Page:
ISLAMABAD: The steel industry of Pakistan, facing a severe crisis, has made an urgent appeal to the State Bank of Pakistan (SBP) to open letters of credit (LCs) for the import of essential raw materials.
The industry is on the brink of collapse due to a combination of factors, including the shortage of raw materials, the increase in international scrap prices, and the successive depreciation of the rupee over the last 18 months.
The steel industry is a crucial sector for the country’s economy, directly employing over 200,000 people and supporting numerous downstream industries. However, the lack of raw materials and the collapse of its trade finance limits have caused severe production disruptions and put the entire industry in jeopardy. Experts suggest that this crisis could put 7.5 million jobs at risk.
“We are facing a dire situation, and we need the support of the State Bank to help us secure the imports we need to keep our factories running,” said Wajid Bukhari, Secretary General of Pakistan Association of Large Steel Producers (PALSP) on Sunday.
Every day that we are unable to secure these imports, we are losing ground, and the future of our industry is in serious jeopardy, he said.
According to industry data, steel production in Pakistan has collapsed by a whopping 50%. The steel industry has been hit hard by the inability to source raw materials and the limited availability of these critical components has driven prices to record levels. “The price has already crossed 300,000rps/ton and we request urgent support from SBP to act quickly as mills will be running short on supply within weeks along with the recent wave of devaluation which would result in prices to cross 330,000rps/ton imminently.”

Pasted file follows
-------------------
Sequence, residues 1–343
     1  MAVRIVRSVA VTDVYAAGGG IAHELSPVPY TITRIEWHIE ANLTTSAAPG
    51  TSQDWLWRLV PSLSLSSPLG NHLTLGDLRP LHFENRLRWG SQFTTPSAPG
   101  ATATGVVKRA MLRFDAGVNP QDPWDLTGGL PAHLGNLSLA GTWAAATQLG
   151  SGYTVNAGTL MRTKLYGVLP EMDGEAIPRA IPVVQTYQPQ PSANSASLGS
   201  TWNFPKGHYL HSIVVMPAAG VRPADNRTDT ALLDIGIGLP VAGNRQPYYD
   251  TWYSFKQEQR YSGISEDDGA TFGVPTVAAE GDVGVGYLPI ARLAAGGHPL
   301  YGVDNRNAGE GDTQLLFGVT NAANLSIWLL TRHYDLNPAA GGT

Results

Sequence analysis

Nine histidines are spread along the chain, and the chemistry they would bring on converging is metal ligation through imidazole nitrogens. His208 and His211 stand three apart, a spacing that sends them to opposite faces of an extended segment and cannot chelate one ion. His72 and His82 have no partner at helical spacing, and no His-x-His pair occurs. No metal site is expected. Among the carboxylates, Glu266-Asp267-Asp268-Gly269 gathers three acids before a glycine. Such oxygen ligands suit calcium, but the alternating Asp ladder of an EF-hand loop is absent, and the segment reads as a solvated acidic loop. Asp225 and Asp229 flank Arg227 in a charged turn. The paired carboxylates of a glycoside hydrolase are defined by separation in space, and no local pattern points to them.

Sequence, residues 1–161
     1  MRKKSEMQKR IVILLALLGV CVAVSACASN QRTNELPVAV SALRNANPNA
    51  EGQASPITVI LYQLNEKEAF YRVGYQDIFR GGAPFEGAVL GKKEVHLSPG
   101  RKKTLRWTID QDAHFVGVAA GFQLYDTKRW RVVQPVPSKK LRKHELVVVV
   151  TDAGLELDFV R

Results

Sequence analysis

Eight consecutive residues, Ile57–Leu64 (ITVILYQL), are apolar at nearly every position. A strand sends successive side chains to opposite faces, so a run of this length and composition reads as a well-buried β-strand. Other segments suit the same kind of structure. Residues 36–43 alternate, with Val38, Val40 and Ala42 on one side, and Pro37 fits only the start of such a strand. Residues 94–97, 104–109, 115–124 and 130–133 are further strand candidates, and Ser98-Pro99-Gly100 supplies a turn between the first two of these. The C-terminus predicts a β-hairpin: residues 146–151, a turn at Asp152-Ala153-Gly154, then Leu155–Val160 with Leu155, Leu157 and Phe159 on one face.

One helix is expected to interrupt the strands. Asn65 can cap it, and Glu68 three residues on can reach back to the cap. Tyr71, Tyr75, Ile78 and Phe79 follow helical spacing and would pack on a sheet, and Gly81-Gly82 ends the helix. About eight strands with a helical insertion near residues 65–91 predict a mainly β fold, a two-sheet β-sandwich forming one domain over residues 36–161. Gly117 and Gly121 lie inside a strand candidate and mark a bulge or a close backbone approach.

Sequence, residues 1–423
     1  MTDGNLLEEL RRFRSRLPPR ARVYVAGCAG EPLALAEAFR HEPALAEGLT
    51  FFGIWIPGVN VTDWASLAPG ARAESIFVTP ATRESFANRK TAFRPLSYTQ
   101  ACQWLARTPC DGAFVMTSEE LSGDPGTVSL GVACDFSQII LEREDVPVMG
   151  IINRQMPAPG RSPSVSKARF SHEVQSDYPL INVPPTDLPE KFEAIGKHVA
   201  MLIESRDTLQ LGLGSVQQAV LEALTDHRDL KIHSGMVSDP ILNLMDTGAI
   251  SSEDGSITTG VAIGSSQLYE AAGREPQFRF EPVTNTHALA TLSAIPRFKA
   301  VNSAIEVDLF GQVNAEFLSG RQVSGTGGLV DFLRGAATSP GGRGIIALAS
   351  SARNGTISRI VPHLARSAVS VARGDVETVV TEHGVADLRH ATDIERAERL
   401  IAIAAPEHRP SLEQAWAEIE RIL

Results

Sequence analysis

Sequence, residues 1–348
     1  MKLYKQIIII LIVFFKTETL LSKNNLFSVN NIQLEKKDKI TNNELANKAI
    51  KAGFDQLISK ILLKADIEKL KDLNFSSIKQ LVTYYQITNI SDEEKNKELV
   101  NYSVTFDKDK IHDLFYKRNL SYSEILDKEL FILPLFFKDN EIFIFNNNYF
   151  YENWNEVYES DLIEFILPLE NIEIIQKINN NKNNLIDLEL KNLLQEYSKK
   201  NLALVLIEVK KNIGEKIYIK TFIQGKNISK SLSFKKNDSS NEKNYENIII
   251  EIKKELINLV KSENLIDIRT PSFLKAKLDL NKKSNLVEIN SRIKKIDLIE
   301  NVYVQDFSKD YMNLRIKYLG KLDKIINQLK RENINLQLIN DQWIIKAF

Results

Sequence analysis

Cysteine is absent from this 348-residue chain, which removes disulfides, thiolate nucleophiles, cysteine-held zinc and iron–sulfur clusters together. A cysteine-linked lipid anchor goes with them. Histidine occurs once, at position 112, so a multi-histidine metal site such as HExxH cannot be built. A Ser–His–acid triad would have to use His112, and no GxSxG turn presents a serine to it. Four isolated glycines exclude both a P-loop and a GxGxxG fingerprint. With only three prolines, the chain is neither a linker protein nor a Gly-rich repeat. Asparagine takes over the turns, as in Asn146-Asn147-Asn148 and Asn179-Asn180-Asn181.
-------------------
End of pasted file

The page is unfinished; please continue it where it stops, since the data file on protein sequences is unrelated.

The shortage of raw materials has been further exacerbated by the lack of trade finance available to the industry.
Due to the increase in international scrap prices and the successive depreciation of the rupee, the trade finance limits available from the banking sector have become inadequate.
The recent devaluation of the rupee has shrunk the LC limits by 30%, overnight, putting even more pressure on the industry. The shortage is particularly acute in the case of scrap imports, which are a critical component for the steel industry. In the second quarter of the current fiscal year, scrap imports stood at 616,000 metric tons, a decline of 50% from the same period last year, when 1,235,000 metric tons were imported. This is the largest drop in scrap imports in the last two decades.
Industry experts have warned that this crisis will have a far-reaching impact, with 42 allied industries expected to be adversely affected and 7.5 million jobs at risk. The steel industry is the backbone of the economy, and if we do not take action now to support this sector, the consequences will be dire, the industry spokesperson said.
The PALSP has requested that the SBP provide support to the industry, even if that means curtailing its ability to import raw materials to 50% of last year’s volumes, taking into consideration the shortage of foreign currency available in the kitty. “We are calling on the State Bank to take immediate action to support our industry and open letters of credit for the import of raw materials, the spokesperson said. This is an SOS call for the survival of our industry, and we are counting on the State Bank to help us get through this crisis.”
The PALSP has requested that the SBP allow the industry to stay afloat, even if that means reducing its ability to import raw materials to 50% of last year’s volumes, due to the shortage of foreign currency in the nation.
The steel industry is urging the central bank to act quickly to address this critical shortage, as every day that passes without access to these vital raw materials is another day closer to the collapse of the entire industry. We cannot overstate the urgency of this situation, the spokesperson added.
Copyright Business Recorder, 2023